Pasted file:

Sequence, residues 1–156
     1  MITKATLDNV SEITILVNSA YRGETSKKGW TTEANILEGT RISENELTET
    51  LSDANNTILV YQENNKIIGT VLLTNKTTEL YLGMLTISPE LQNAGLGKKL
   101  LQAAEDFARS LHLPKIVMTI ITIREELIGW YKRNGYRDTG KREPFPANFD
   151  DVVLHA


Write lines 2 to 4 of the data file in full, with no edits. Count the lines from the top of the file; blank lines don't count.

     1  MITKATLDNV SEITILVNSA YRGETSKKGW TTEANILEGT RISENELTET
    51  LSDANNTILV YQENNKIIGT VLLTNKTTEL YLGMLTISPE LQNAGLGKKL
   101  LQAAEDFARS LHLPKIVMTI ITIREELIGW YKRNGYRDTG KREPFPANFD